The Pumpkinization of Everything

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Cary, NC — On a recent trip to the supermarket, my daughter and I counted 44 pumpkin products for sale. As it turned out, I had under-counted.

Blame It on the PSL

Jill was home for the weekend from the University of South Carolina. More accurately, we thought she was home for the weekend, but it turned into a week due to the catastrophic flooding in Columbia, SC.

It was Sunday, the day after it had rained 16.6″ in Columbia. The sun was shining bright in Cary. “You’ll be out of school for a week,” I said at breakfast.

“Noooo,” Jill dismissed the notion. We went to Trader Joe’s on Kildare Farm Road to load her up on some groceries for her apartment.

I had seen the growing pumpkinization of the grocery shelves during my weekly shopping trips. Readers of this space will know I usually go to three supermarkets on a given Saturday.

This time, I decided to count the pumpkin products for sale. I had nothing better to do. I’d already completed the family shopping on Saturday, so this trip was strictly for Jill. I was just pushing the cart and swiping my credit card.

There were pumpkin chips and pumpkin energy bars. Pumpkin ice cream, pumpkin cakes and pumpkin ale. Gluten-Free Pumpkin Pancake Mix. Pumpkin Soup.

When I was a wee lad, we only had two things made of pumpkin – canned pumpkin and actual pumpkins. The canned pumpkin was for pies, and the actual pumpkins were for jack-o-lanterns. That was all.

My family credits this trend to Starbucks. They had monster success with the Pumpkin Spice Latte, now known simply as the PSL. Others stampeded in hot pursuit.

Looking ahead, I see whole stores catering to pumpkins, like we have for Christmas. A pop-up store in the mall, stocking a few thousand must-have items for the Halloween Season. Maybe it’s already happening.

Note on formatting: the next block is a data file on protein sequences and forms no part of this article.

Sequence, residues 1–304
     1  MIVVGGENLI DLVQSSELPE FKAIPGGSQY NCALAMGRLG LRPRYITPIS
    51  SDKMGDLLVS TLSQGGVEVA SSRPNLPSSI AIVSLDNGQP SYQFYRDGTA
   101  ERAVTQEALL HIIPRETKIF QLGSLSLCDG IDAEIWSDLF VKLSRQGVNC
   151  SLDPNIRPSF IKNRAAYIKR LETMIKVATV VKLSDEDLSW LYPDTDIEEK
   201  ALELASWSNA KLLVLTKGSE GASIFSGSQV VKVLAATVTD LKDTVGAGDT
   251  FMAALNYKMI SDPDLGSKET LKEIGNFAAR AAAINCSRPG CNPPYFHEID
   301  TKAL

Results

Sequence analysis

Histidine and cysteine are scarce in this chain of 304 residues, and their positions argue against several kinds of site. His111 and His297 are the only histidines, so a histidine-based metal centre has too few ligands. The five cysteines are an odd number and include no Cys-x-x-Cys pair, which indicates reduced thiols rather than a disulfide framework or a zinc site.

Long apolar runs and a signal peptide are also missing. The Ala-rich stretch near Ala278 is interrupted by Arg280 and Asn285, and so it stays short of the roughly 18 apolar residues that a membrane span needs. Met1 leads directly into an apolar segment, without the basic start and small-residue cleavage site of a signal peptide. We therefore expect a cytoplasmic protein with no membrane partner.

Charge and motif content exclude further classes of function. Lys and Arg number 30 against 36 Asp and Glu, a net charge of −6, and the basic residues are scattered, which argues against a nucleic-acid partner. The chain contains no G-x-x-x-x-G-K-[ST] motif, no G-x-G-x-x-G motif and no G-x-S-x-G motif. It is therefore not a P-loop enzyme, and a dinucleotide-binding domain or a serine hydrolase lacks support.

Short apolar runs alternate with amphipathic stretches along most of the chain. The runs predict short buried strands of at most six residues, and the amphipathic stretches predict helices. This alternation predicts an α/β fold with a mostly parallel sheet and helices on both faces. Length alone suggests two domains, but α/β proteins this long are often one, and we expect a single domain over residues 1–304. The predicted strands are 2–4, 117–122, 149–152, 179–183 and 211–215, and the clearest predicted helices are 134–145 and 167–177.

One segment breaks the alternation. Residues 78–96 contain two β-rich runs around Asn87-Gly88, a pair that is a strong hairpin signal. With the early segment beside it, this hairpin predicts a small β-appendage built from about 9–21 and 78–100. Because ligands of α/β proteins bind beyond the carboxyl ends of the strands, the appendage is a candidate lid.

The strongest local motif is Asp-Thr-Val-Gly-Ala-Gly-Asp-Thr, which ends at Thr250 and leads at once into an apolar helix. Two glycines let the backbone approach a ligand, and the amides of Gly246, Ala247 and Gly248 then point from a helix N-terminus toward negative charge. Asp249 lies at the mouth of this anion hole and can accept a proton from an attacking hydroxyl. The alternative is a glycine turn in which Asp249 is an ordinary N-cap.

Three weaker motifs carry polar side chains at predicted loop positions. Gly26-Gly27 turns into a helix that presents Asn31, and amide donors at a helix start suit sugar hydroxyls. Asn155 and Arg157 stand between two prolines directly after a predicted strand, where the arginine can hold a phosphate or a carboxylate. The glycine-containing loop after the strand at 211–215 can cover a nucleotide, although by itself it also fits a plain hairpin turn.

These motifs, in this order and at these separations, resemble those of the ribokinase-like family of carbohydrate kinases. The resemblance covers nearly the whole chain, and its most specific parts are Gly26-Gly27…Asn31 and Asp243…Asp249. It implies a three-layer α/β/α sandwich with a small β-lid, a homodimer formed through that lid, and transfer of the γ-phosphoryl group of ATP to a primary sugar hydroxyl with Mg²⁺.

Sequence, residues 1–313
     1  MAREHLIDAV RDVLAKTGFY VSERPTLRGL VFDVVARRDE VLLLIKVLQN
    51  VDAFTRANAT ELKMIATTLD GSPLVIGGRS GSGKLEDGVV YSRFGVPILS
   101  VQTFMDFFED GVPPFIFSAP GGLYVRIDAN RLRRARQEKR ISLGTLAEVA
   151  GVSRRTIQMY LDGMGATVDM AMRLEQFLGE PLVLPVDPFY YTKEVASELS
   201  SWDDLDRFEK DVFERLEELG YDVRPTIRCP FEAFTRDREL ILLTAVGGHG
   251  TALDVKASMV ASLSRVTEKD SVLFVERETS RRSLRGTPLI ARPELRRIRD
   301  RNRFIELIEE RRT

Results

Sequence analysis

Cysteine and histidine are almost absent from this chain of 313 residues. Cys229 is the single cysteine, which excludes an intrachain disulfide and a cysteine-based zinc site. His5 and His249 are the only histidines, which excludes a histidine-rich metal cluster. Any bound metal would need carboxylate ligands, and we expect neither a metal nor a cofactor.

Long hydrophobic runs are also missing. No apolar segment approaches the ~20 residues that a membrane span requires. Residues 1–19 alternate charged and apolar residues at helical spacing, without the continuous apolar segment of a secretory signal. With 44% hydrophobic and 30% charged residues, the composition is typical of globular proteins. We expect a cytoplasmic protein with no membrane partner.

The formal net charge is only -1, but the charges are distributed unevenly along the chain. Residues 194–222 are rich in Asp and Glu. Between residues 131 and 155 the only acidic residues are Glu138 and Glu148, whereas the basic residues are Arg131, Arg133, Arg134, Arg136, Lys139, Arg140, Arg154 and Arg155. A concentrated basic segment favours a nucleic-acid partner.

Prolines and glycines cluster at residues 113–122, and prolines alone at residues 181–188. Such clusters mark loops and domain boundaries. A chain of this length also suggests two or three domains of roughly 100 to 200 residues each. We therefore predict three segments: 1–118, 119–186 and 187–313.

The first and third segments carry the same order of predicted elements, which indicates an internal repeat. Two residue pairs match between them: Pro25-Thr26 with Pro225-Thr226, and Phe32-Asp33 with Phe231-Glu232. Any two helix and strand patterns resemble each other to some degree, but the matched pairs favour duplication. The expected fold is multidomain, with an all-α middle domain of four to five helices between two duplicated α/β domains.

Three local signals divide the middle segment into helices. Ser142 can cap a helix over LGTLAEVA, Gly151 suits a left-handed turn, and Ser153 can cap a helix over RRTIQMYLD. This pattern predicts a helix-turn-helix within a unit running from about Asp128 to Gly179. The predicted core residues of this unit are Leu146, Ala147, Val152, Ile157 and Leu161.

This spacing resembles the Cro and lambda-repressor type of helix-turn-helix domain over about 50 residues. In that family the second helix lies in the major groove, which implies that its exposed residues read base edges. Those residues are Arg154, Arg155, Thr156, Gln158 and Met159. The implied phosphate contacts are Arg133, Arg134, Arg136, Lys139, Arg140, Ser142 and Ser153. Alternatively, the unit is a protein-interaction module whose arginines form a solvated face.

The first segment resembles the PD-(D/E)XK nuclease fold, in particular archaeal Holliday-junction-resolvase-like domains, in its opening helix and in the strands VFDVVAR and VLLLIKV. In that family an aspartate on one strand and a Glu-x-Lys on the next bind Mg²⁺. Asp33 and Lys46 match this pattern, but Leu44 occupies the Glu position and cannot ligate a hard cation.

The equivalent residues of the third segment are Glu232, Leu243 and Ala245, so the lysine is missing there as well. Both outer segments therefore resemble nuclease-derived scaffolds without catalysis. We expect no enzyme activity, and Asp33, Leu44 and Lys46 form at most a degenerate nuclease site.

I counted 44 pumpkin items on my trip around the supermarket. “How many pumpkin items do you have in the store?” I asked the cashier.

“64,” she said, without missing a beat. I told her how many I had counted. “That’s pretty good,” she said. “Some of the items go out of stock right away.”

We exited the store. I pushed the cart. Jill looked at her phone. “School’s closed tomorrow,” she said.

We’d be back at Trader Joe’s the next Sunday to load up on bottled water and dried goods for her trip back to Columbia.

Editor’s Note

Here at CaryCitizen, we love our supermarkets. The following photos could have been taken anywhere – Harris Teeter, Food Lion, Publix. So we are not implying any criticism of Trader Joe’s, one of our favorite Cary stores. The pumpkin macaroons were delicious.

But what do you think of the Pumpkinization of the grocery store? Love it? Hate it? Have your say in the comments to the story.

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Story and photos by Hal Goodtree.

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2 replies
  1. Jessica Patrick
    Jessica Patrick says:

    I love the pumpkinization of everything! It’s a little silly, yes, but it’s delicious – so why not? What’s very interesting is all the money brands and businesses make off of pumpkinization. Stores and coffee shops only sell the stuff for a couple months out of the year, so people go crazy for it. That’s a great marketing plan, but the reality is that you can buy cans of pumpkin puree at the grocery store year-round. If people really like pumpkin, they can make their own pumpkin bread, and even their own pumpkin spice lattes, any time they want!

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